It’s one thing to bootstrap a new studio. It’s quite another to build a new IP from scratch. Developing your own game engine is something else entirely. Which option did the fledgling Certain Affinity pick? All of them. All while performing co-development work for other partners. It was a bold choice for a new studio, but it also laid the groundwork for CA’s first decade: challenging projects with multiple goals, executed to the highest standard by a multidisciplinary team. And it all started with an April Fool’s Day joke.
From Prank to Product in 1,735,489 Easy Steps
Back when Max Hoberman was in charge of Bungie’s Online Team, one of their responsibilities was thinking up the studio’s yearly April Fool’s Day gag. One year, they delivered a phony product announcement for a new game called Pimps at Sea. The idea struck such a chord with the fan base that it became something of a recurring joke every April 1, and even garnered some amused coverage from the usually humorless gaming press. When Certain Affinity got up and running, one of Max’s first ideas was to take this ludicrous concept and turn it into a real game.
Inspired by the style and pacing of Settlers of Catan, the team replaced pimps with a passel of plundering pirates and set about creating a virtual board game for consoles. This title would settle itself within real time strategy genre bringing together the various inspirations to an active gameplay style. At the time, the only viable places for such a product were the virtual storefronts like Xbox Live Arcade. There wasn’t much precedent for the sort of game they were developing — not on consoles, at any rate — but the team was not intimidated by the lack of prior art. If anything, they were eager to deliver a new IP and gameplay experience to console gamers who might not even know this style of game existed.
At the time, Certain Affinity was the epitome of a bootstrap studio: a handful of artists, engineers and designers working out of a small house. They were already quite busy with, among other things, the Halo 2 Blastacular Map Pack — so development could only proceed in whatever free time the team could scrounge. Without a license for a game engine or the resources necessary to acquire one, Certain Affinity did the only thing they could: roll their own. Starting from scratch, the team built the rudiments of a game — renderer, animation, audio, the whole package — and six weeks later had a playable build they could demo to publishers. One of the publishers spoke quite favorably of the game’s water shader — the first known instance of CA demonstrating that, even working within tight constraints, they could deliver work that impressed their industry peers.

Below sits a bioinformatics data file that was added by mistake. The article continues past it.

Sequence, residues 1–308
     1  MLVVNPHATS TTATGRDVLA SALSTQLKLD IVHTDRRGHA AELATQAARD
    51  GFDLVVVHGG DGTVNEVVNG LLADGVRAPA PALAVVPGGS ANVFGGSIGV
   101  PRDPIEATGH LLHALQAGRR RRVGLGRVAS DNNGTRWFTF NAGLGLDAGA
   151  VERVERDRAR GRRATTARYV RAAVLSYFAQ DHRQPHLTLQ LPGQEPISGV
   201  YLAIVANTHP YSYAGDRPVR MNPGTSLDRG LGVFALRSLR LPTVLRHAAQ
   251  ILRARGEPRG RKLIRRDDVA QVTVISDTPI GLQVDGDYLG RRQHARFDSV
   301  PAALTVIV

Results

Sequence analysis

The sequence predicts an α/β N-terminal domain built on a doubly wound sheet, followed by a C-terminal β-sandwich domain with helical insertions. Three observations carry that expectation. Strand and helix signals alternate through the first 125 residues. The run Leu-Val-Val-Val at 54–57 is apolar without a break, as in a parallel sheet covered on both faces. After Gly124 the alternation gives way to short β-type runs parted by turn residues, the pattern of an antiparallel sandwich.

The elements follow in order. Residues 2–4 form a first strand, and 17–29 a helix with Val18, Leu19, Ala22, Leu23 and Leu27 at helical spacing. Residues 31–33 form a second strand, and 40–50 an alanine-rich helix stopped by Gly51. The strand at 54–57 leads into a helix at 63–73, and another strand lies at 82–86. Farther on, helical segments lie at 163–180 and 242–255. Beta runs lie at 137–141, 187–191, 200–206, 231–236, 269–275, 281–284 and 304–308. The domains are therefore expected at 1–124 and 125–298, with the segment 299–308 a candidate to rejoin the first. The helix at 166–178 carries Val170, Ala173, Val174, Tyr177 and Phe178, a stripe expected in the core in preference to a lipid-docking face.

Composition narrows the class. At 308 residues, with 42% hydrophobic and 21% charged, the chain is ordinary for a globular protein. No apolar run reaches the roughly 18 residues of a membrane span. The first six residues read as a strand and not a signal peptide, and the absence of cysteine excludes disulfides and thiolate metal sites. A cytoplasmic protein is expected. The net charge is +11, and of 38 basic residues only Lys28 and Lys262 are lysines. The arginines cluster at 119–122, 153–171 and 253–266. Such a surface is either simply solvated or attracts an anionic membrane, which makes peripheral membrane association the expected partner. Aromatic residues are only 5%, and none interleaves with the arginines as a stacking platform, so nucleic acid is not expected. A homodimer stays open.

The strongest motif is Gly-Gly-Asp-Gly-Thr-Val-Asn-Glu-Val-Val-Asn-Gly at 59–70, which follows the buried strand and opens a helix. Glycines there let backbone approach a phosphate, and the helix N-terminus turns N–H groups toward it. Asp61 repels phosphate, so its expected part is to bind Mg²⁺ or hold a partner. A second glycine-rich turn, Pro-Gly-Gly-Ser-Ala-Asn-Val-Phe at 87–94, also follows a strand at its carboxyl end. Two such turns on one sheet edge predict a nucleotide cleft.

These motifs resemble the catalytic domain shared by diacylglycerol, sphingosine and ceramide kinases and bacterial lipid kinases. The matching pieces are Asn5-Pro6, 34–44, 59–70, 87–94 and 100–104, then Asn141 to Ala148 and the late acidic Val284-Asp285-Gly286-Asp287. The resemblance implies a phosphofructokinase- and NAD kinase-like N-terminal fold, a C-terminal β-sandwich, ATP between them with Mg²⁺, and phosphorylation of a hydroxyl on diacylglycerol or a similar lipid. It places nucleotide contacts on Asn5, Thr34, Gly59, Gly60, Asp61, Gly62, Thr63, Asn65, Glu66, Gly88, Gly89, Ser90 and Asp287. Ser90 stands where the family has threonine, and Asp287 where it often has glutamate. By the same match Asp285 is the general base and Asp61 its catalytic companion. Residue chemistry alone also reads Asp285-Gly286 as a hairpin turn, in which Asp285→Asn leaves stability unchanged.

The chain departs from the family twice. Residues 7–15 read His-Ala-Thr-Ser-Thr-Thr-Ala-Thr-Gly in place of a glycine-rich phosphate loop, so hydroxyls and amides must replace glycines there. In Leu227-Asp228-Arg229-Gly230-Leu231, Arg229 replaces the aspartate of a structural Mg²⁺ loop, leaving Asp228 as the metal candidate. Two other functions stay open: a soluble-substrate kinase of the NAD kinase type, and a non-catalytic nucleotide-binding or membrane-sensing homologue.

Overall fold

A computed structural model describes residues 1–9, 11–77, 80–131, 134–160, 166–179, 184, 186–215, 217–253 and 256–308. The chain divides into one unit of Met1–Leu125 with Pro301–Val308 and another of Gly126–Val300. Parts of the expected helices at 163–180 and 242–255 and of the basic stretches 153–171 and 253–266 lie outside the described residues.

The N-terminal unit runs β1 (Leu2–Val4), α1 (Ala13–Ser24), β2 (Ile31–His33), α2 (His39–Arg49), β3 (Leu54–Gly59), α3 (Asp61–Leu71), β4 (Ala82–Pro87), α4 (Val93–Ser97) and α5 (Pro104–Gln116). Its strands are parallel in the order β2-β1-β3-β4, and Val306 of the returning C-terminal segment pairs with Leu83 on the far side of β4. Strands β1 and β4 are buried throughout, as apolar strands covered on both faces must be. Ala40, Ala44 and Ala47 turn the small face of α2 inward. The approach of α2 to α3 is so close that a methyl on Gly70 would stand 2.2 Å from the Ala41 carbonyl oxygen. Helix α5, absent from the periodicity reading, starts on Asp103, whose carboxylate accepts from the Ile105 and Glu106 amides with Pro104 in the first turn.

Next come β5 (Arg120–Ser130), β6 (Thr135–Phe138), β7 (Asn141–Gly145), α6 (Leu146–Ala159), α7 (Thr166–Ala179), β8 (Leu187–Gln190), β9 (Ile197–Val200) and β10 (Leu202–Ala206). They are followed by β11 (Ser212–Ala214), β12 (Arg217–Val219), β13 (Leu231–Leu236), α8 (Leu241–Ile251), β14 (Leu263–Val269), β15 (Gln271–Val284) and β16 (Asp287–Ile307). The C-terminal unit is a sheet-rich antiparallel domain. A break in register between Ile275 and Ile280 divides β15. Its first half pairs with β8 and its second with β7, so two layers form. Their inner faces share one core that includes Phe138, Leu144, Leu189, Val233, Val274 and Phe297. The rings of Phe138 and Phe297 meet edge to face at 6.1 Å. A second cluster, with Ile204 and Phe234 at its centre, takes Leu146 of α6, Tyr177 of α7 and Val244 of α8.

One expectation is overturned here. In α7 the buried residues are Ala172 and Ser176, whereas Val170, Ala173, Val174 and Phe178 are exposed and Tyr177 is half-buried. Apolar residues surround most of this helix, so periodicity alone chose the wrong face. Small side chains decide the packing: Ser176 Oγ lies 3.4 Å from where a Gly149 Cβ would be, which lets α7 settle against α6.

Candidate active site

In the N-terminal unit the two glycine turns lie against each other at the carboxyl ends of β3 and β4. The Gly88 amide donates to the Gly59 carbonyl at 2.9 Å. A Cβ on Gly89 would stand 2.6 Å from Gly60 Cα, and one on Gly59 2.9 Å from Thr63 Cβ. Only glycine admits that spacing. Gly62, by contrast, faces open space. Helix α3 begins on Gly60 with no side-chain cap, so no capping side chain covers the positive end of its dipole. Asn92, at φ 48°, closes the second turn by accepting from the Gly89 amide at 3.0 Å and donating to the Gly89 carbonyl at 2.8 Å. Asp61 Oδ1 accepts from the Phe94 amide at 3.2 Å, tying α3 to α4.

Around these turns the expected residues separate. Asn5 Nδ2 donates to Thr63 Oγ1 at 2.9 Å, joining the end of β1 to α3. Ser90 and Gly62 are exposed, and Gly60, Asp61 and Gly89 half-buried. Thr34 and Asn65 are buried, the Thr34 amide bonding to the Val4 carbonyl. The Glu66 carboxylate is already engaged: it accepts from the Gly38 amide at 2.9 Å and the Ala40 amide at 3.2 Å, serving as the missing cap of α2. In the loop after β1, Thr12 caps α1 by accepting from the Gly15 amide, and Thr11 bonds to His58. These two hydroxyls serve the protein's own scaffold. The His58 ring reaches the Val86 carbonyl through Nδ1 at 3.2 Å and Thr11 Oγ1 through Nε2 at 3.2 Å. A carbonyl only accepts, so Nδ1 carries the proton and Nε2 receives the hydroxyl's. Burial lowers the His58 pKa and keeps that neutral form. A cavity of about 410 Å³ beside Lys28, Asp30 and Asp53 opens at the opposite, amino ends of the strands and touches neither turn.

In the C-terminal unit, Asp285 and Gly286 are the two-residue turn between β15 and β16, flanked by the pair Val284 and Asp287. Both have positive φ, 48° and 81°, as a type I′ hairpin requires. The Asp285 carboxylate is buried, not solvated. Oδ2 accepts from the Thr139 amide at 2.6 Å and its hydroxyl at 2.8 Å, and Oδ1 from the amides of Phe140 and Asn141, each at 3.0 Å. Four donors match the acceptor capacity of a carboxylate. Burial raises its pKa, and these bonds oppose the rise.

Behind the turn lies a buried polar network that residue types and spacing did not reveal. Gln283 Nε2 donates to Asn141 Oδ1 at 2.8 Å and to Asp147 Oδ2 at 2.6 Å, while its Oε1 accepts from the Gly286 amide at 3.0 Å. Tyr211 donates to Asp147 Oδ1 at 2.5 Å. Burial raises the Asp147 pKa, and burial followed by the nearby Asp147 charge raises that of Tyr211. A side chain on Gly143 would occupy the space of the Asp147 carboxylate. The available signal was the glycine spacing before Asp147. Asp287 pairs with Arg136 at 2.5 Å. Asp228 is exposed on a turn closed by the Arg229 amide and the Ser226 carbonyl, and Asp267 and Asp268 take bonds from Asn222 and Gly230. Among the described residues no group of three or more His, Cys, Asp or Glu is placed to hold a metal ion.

Because Age of Booty (as it came to be known) was built in tandem with paying co-development work, various team members shuttled onto and off of the project as needs dictated. This led to an unusual state of group ownership; so many different hands had touched so many different parts of the game that every aspect of it seemed to belong collectively to everyone. While this was a pragmatic process designed to keep development moving, it ultimately led to a meticulously crafted experience.
Age of Booty is an addictive online strategy game that rewards communication and teamwork.
Every aspect of gameplay and design was tweaked, tested, and re-tweaked over time. Subtleties of pathfinding and other esoteric elements were iterated and refined until the team was satisfied. When new functions like auto-targeting showed the potential to add new strategic elements to the game, the team worked to showcase those features and make them fun and satisfying.
A Cult Classic and a Stepping Stone
Age of Booty was published by Capcom on the Xbox 360, PlayStation 3, and PC. This marked the first time Certain Affinity shepherded multiple SKUs through certification and localization.
Though it was not originally part of the project, the game’s level editor was so well-made and easy to use that Certain Affinity ended up shipping it as part of the final game. This allowed fans to build their own maps, extending the product’s lifespan and ensuring it would develop a cult following that persists to this day.
Certain Affinity was able to leverage the lessons learned during Age of Booty’s development for future products. The engine that originally powered Age of Booty became the basis for a later project, Crimson Alliance, as well as demos for other projects. Most importantly, the relationships established by CA during Age of Booty’s development led to any number of subsequent AAA projects with other partners. For these reasons, Age of Booty still occupies a place of honor in Certain Affinity’s history and there still exists the potential to revisit this joyful IP in the future.